The Global Transition to Green Energy
A fully green future could be closer than you think. With each passing year, the steadily declining price of renewable energy makes it increasingly competitive against fossil fuels.
Today’s infographic from Raconteur
breaks down the material shift towards renewable energy, and where in the world it’s taking place.
TIME TO GO GREEN
A recent United Nations report
estimates that renewables must make up 70% to 85% of electricity by 2050 to combat the dire effects of climate change. The good news? Embracing renewable energy is becoming easier on the wallet. Most renewable energy sources are becoming cheaper and quicker to produce, and it’s speeding up widespread adoption.
|Cost of electricity per energy source ($ per KWh)||2010||2017|
|Concentrating solar power||$0.33||$0.22|
The price of solar photovoltaic cells are projected to dip dramatically over this seven-year period, as solar panel infrastructure moves away from being an experimental technology, and into a trusted energy source easily replicated at scale. Solar also received the most new investment by energy type in 2017, up 18% from the previous year. Of course, it won’t happen overnight. Even as the world continues to electrify, coal will still make up almost one-third
of the world’s energy mix in 2040, while renewables will only be at 25%. Nevertheless, concentrated efforts to curb our reliance on coal are signals that the fossil fuel is on its way out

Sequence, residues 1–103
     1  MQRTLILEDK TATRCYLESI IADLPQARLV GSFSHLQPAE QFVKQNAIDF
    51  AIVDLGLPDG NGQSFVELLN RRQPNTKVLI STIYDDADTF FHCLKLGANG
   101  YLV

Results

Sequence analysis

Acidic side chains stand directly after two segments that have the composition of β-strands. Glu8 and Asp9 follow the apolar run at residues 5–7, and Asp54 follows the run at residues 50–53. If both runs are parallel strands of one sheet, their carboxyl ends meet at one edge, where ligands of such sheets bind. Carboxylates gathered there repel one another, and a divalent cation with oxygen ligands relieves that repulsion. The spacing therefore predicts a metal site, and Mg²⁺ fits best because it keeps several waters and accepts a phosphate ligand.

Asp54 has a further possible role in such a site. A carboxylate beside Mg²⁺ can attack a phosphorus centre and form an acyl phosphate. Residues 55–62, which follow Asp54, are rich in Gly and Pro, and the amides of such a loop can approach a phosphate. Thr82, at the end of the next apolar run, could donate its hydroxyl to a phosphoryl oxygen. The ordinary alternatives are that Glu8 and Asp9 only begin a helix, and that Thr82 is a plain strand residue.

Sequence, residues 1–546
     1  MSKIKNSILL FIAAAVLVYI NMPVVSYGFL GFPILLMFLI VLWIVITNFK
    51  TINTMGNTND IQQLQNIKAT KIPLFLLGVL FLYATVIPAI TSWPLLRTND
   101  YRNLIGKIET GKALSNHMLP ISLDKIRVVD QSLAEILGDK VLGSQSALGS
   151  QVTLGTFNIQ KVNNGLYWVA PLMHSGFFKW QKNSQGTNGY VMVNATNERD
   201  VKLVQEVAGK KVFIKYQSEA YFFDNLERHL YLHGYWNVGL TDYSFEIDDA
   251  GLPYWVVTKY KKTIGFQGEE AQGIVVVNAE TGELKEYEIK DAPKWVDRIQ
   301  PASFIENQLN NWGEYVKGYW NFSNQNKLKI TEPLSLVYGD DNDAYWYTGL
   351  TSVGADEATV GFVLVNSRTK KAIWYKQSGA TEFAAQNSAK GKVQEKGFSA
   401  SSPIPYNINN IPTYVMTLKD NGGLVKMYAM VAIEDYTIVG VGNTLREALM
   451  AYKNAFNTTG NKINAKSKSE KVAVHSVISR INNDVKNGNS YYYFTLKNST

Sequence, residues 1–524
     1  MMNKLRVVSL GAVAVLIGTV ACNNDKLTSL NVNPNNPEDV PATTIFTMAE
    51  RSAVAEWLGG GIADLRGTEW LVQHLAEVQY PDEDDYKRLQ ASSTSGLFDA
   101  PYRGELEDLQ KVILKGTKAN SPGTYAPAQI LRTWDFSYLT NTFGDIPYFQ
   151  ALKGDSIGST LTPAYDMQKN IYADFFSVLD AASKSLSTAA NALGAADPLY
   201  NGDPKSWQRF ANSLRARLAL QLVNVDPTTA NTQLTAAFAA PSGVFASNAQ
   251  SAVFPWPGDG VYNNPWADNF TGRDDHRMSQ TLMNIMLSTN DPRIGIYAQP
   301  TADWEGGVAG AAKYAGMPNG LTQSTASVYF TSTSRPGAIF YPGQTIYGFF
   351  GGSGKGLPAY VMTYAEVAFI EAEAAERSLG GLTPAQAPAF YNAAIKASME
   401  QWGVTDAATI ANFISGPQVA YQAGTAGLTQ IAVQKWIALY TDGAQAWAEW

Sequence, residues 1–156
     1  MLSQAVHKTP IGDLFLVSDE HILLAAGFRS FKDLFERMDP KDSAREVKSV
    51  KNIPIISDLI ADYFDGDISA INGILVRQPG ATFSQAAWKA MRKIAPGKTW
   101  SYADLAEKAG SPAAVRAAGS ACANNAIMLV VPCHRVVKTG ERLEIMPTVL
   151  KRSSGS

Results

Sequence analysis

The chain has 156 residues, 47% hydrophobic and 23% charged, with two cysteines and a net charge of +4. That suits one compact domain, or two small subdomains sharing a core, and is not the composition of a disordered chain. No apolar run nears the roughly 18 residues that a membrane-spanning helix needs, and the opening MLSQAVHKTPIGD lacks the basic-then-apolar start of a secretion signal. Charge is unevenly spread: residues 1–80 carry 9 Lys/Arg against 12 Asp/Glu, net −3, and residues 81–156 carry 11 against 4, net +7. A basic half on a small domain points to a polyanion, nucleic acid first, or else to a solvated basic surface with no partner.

, and new investment in green energy sources is on the rise in most regions.
THE RENEWABLES RACE
It’s perhaps not surprising that China is leading the change in renewable growth. The nation tops the list of spenders, spending more on green energy than the United States and Europe combined.
|New Investment by Region||2016 ($ billion)||2017 ($ billion)||% Change|
|Other Asia and Oceania||$35.7||$31.4||-12%|
|Middle East & Africa||$9||$10.1||11%|
In places where a consistent and reliable source of energy is hard to come by, people are looking to clean energy as a way to leapfrog ahead of using the carbon-intensive electricity grid entirely. Take Ethiopia for example: the $4 billion Grand Ethiopian Renaissance Dam (GERD) project along the Nile River will help meet the area’s rising energy demands. Once completed, it will be the largest dam on the continent and generate around 6,450 MW of power. This trifecta of innovation, investment, and falling costs could be the answer to bolstering renewable energy infrastructure for decades to come – and it will be interesting to see the ultimate pace at which green energy supply comes online, and what that means for the world.